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Home » Articles » Adventure »  Adventure
 
Thursday, November 20,2014

Following a true calling

How punk music and poor neighborhoods fed Barry Blanchard’s life in the mountains

By Elizabeth Miller
Barry Blanchard has spent more than 6,000 days of his life rock climbing, ski touring, mountaineering, alpine climbing and ice climbing. At this point, he says, he’s very intimate with those environments, and can recall the textures in the snow, the ice and the rock he’s encountered along the way.
Thursday, November 13,2014

Schooled in snow

CU’s freestyle team eyes another big season

By Tom Winter
The state is known as “Ski Country USA.” It’s a place of rugged peaks, high mountains and snowy winters. So, if you’re a skier looking for a place to get educated, it’s no surprise that going to an institute of higher education in the Centennial state might be high on your list.
Thursday, November 6,2014

These teardrop trailers will make you smile

Locally made minimalist camper is a labor of love

By Hudson Lindenberger
Having purchased a set of plans, he rented a cramped, dingy storeroom off Pearl Street and set about fabricating his own trailer, but he quickly found he needed an extra set of hands. His thoughts turned to David.
Thursday, October 30,2014

Depth of anatomy

An exploration into a rare community cadaver lab

By Cayte Bosler
The cadaver is far smaller than I expected. It rests wrapped in green towels, face up on a silver table in a small, uncluttered space. Small incisions separate the skin from the subcutaneous tissue, exposing a yellowish, fatty layer protecting the muscle wall.
Thursday, October 23,2014

Traveling with more than good intentions

Why well-meaning adventurites and volunteers sometimes do more harm than good, and how one local adventure company intends to set a better example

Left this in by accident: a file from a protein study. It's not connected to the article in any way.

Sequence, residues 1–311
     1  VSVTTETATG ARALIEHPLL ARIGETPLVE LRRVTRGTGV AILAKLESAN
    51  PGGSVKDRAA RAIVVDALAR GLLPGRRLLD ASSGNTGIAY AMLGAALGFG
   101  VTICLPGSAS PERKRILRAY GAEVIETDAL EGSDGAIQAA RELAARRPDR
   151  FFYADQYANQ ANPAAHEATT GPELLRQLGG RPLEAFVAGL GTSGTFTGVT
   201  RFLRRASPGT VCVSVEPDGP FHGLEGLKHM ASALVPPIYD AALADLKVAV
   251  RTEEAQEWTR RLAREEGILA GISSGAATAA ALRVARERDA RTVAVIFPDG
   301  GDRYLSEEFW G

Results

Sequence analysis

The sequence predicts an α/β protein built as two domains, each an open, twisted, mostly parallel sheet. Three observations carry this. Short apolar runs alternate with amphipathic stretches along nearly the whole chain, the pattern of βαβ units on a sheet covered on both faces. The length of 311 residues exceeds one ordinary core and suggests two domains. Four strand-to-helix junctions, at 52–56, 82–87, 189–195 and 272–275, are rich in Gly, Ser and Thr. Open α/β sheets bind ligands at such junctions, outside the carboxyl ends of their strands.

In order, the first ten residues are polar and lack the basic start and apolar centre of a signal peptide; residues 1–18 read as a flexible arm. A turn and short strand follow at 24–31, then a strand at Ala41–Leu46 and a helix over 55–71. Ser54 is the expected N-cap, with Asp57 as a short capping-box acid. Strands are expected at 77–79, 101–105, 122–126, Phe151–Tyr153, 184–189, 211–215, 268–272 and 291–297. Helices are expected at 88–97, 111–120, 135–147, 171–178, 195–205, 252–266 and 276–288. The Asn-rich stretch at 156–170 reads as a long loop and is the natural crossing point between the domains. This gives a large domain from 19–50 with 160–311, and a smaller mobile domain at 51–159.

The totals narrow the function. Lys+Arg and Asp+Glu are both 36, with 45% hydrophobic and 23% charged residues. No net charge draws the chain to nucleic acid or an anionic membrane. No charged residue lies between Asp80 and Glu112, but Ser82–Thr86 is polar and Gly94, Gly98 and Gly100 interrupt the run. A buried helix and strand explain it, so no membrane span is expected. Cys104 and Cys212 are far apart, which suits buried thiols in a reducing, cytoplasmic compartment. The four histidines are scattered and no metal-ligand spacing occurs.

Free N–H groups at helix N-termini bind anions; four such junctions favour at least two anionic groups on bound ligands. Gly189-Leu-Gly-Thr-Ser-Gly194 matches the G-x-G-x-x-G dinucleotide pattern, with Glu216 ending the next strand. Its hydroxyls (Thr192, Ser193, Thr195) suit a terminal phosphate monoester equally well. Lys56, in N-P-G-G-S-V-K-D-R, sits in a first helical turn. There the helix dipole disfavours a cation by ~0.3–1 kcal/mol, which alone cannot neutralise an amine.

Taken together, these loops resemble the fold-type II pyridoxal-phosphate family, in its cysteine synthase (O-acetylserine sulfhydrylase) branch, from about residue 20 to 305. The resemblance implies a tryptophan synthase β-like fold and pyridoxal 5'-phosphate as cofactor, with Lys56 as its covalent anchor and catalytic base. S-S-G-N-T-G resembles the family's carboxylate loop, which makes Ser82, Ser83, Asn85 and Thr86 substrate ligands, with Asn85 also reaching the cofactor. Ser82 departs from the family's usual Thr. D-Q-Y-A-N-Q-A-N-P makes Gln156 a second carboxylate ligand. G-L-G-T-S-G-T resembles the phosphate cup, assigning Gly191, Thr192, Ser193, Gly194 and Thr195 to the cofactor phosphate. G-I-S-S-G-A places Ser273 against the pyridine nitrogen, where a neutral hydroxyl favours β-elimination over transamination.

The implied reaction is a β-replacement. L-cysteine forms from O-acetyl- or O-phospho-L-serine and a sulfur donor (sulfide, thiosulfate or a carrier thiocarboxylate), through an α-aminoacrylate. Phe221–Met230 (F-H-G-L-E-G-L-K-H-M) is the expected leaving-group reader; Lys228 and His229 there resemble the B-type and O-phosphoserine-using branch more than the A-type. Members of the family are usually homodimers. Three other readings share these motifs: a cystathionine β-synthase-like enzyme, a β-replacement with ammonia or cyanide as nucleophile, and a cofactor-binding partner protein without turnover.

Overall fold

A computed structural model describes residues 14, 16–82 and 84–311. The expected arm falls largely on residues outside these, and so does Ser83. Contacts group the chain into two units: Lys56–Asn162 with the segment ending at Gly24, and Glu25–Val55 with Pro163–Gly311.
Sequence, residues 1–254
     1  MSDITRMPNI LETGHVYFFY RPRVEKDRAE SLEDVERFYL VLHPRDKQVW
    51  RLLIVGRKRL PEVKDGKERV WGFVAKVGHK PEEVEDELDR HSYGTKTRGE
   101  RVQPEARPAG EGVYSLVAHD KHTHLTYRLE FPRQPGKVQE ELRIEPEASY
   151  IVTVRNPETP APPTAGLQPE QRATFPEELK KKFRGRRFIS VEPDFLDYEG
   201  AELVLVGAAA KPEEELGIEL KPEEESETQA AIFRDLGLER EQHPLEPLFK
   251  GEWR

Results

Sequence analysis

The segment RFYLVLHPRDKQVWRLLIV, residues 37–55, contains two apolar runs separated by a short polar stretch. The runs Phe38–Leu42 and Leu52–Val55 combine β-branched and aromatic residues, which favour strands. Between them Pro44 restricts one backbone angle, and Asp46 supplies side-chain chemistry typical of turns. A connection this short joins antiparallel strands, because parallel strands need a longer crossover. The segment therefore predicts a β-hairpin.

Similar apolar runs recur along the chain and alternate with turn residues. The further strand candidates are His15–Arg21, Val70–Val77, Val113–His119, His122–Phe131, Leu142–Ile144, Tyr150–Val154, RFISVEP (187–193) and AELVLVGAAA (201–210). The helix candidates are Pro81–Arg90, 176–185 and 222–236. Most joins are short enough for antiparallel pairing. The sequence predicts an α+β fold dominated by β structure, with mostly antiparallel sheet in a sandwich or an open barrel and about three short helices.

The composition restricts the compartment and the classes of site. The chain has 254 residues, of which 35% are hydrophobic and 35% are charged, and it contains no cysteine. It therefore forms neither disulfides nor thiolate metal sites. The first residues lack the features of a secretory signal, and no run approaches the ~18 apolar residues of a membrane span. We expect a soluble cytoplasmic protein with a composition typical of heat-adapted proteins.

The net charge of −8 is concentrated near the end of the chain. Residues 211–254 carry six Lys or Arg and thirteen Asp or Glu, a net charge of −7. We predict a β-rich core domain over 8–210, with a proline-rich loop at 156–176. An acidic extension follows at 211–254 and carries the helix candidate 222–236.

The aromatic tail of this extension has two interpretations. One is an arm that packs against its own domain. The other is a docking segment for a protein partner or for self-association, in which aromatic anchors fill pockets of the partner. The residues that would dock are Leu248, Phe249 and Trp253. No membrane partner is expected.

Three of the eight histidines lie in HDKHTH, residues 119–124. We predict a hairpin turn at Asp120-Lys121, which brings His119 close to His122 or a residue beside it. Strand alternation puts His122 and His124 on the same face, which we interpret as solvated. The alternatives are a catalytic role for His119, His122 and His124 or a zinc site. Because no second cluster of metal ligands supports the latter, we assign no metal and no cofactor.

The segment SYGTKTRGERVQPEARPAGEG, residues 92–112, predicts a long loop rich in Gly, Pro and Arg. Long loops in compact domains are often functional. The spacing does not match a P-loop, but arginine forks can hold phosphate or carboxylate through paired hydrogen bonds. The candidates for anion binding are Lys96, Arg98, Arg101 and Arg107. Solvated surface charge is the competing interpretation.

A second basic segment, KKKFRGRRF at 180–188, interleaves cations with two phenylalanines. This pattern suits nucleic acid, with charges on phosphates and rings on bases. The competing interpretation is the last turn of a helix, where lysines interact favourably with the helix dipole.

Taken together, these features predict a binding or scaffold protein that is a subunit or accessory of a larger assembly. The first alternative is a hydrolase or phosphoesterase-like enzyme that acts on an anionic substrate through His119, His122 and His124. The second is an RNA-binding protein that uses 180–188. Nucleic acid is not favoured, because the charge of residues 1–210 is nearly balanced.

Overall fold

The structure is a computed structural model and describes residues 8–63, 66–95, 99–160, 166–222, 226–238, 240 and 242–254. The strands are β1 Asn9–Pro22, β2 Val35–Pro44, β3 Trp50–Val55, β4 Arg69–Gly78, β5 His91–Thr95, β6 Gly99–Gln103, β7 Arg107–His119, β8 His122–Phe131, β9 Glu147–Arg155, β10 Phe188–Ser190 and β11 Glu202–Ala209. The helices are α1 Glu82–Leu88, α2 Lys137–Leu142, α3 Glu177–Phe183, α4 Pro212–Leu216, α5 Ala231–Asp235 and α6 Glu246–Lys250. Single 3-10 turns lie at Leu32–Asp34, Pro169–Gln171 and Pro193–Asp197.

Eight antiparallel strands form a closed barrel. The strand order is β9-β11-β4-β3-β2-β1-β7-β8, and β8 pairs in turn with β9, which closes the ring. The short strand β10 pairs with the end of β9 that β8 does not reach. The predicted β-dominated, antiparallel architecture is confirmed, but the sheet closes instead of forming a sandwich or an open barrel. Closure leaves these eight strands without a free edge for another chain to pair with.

By Cassie Moore
On a visit back to his native country, on a trek in the Annapurna region of Nepal, Portland State University professor Bishupal Limbu remembers being uncomfortable because of his shoes. They were nice, they were meant for the occasion and the Australians he was trekking with had on similarly fancy boots.
Thursday, October 16,2014

Riding for a lifeline

A biking trip to explore a family’s Slovakian roots takes some surprising turns 

By Adam Perry
You do not look like a person who has just biked over 100 kilometers,” Jan “Jano” Rohac of Greenways Travel Club told me, very matter-of-factly, in his thick Slovakian accent as I entered the Grand Hotel Matej in Banská tiavnica, Slovakia, after sunset.
Thursday, October 9,2014

Allies in the Horse Nation

Nonprofit ‘Tipi Raisers’ reach Boulder on 400-mile horseback journey

By Cecelia Gilboy
I was spending the day riding with participants in a 400-mile ride that’s now passing Boulder en route to the Pine Ridge Indian Reservation in South Dakota.
Thursday, October 2,2014

Adventure Film

The Adventure Film Festival is a celebration of adventures in their many forms and a bolster to support “the heroic journey and the narrative of adventure as a force for awakening and change.
Thursday, October 2,2014

Rising above Rio

Film shows kids from favelas climbing away from gangs, drugs

By Elizabeth Miller
From one of the largest slums in Rio de Janiero, a twin set of granite cones, called the Two Brothers, rises a thousand feet toward the sky. The favela — the slum — below creeps up the hillside until the cliffs become too steep for houses and instead make a place for some of Brazil’s world class climbs.
Thursday, October 2,2014

The traveler’s mindset

Boulder resident will encourage the public at TEDx to get a passport and embrace fear and discomfort in the everyday

By Cassie Moore
There is a rumor (online, at least) that Europeans scoff at the low number of Americans who hold passports. As the joke goes, Americans are world-fearing, isolated workaholics who would prefer to squeeze in an extra 15 hours of work a week than vacation for five weeks in Tuscany.
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